World’s population is outgrowing its food system
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Feeding the 7.3 billion inhabitants of our planet today is daunting. An increasingly complex, globalized network of actors plays a role in the production, harvesting, processing, sales and consumption of food. This complexity — among major demographic shifts — increasingly threatens the health of the world’s people and our planet.

A quick look at the numbers points to why the world’s current food system is broken. To start roughly 800 million people around the world go hungry every day, while more than one-third of food produced is lost or wasted. The world has more overweight and obese than hungry people, highlighting fundamental problems with both food quality and its allocation.

Further, and in a cruel twist of irony, most farmers cultivating small plots of land less than 10 hectare, are typically the ones not getting enough to eat. This despite the fact they produce 60 to 80 percent of the food supply in developing countries.


These problems will only be exacerbated by the rising and shifting global demand for food. A rapidly growing global population is expected to reach 8.5 billion people by 2030, increasing global food demand by up to 60 percent. Population growth, especially in developing countries, is accompanied by urbanization — with 2.5 billion additional urban residents projected by 2050 creating unprecedented demand for middle-class appetites and preferences that contribute disproportionally to natural resource depletion and poor health.


Because these issues are global, systemic and interrelated, no one actor can solve them alone. Tackling such complex problems requires transforming the system, engaging leaders across industries, geographies and stakeholder groups in coordinated action to reach beneficial outcomes for all.

Following a joint Deloitte and World Economic Forum initiative, leaders across industry sectors, governments and civil society aligned on a framework to guide collective efforts toward an aspirational food system, which is defined along four pillars: inclusive, sustainable, efficient and nutritious.

In collaboration with foremost global food systems experts, and acknowledging potential uncertainty, Deloitte and the forum identified four possible scenarios describing the future of the global food system. These scenarios focus on how food systems may — or may not — nutritiously and sustainably feed 8.5 billion people in 2030. They range from a world in which the division between “haves” and “have-nots” is starker than ever, to one in which international cooperation and innovation reigns.

While the challenges that these scenarios present are big and real, we also see promising trends and solutions emerging. This analysis recognized opportunities for leaders across industry sectors, governments and civil society to pursue food system transformation.

One reassuring sign is the fact that awareness is rising, and consumers are asking more questions about where their food comes from and whether it is healthy and sustainably produced. One of our recent Deloitte consumer studies, Capitalizing on the Shifting Food Value Equation, found that 51 percent of consumers weigh evolving purchase drivers like health and wellness, safety and social impact as more important than traditional ones like price, taste and convenience. The challenge remains that this is still very much a developed countries’ phenomenon, but the general trend and signals are encouraging.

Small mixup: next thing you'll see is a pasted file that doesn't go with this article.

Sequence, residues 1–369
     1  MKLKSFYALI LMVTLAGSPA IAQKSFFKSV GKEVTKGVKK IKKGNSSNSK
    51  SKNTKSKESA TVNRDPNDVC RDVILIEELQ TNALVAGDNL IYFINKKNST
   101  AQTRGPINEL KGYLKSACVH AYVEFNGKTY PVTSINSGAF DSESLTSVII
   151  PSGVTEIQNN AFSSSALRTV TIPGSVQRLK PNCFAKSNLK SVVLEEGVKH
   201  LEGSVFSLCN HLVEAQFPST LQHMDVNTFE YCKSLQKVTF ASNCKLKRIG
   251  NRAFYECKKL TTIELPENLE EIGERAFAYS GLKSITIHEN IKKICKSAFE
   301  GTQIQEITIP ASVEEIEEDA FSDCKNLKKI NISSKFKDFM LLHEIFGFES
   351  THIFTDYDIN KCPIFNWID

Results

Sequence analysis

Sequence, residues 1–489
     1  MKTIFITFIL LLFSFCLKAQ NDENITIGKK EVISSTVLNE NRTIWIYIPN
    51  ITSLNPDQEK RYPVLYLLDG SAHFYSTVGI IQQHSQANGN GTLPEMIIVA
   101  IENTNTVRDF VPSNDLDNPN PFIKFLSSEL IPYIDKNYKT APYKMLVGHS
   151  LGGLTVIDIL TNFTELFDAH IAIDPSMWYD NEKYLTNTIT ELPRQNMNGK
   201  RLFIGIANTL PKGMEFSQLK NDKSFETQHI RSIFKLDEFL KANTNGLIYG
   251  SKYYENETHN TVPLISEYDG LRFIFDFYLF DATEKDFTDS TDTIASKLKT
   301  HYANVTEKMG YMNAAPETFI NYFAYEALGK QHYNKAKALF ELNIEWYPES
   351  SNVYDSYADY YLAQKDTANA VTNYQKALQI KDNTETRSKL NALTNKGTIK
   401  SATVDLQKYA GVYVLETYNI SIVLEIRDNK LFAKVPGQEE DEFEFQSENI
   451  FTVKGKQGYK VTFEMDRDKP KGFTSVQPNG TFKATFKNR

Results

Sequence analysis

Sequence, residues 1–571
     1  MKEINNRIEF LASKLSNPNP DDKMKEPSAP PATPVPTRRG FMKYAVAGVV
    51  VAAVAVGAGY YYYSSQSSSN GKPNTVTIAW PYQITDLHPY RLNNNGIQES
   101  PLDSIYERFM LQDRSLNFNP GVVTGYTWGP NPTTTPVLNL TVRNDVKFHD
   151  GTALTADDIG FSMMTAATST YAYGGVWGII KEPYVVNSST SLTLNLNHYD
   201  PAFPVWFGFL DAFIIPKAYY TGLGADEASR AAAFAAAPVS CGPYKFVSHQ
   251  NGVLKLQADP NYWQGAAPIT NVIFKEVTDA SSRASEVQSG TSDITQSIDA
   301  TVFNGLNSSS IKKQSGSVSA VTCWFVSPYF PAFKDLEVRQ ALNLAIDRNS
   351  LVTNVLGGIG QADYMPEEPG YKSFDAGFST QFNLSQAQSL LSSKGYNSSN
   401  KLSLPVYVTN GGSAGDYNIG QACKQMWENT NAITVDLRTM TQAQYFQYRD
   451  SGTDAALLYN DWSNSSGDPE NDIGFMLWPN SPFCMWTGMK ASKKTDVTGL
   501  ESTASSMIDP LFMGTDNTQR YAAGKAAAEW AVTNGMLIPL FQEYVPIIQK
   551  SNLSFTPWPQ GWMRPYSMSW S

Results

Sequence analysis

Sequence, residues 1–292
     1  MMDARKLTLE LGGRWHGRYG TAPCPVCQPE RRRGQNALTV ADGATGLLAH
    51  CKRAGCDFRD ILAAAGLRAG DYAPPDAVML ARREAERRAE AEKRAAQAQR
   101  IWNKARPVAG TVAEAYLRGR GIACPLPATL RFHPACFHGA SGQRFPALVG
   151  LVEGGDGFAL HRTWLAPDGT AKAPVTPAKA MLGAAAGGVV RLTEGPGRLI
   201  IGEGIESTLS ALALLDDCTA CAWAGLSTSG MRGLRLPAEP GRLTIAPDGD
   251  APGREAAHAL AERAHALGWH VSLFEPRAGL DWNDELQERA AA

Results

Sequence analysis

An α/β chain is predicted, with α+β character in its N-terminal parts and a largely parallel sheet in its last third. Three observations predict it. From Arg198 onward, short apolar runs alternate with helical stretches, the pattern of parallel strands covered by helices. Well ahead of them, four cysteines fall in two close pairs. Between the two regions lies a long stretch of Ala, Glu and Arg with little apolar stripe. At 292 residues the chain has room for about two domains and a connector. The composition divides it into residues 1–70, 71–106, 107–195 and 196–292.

These shifting value drivers affect decisions and investments not just for consumers, but at corporations everywhere. Companies increasingly emphasize “responsible investment,” which considers economic, social and environmental benefits, in their strategies and investment decisions.

Companies also recognize that new values can create new market opportunities. New decentralized business models, including local/mobile food processing in rural areas and urban agriculture in major cities, engage local people, women and youth in food production while addressing issues of sustainability, efficiency and inclusion. Business models focused on smallholder farmer inclusion and collaboration can open new markets to subsistence farmers and provide a dependable source of high-quality crops for food companies.

New technology is also enabling innovation at every stage of food’s journey. From advancements in areas such as CRISPR, new developments in digital technology and data analytics that are transforming agriculture, better understanding of our microbiome, new mobile tools for smallholder farmers such as mobile financial services, SMS-delivered weather, and market price information.

Perhaps most importantly, new models of collaboration are emerging at all levels to connect actors who previously operated in silos. By working collectively and sharing knowledge, expertise, resources and innovations, such partnerships can produce an impact that is greater than the sum of its parts.

So while today’s state of affairs and trajectory can (and should) alarm us, the scenarios we have developed, provide more visibility into potential futures and our ability to shift and address those. Since the current food system was designed decades ago, a lasting transformation may require not just innovative new technologies and business models, but fundamental shifts in mindsets and ways of working to make it more fit for purpose.

Shay Eliaz is a principal with Monitor Deloitte, Deloitte Consulting LLP’s Strategy practice. He is the Innovation leader for Deloitte’s Manufacturing Practice in the US and advises clients globally, helping them respond to the myriad of complex growth, technology, regulator, and innovation challenges present in today’s competitive marketplace.

The views expressed by contributors are their own and are not the views of The Hill.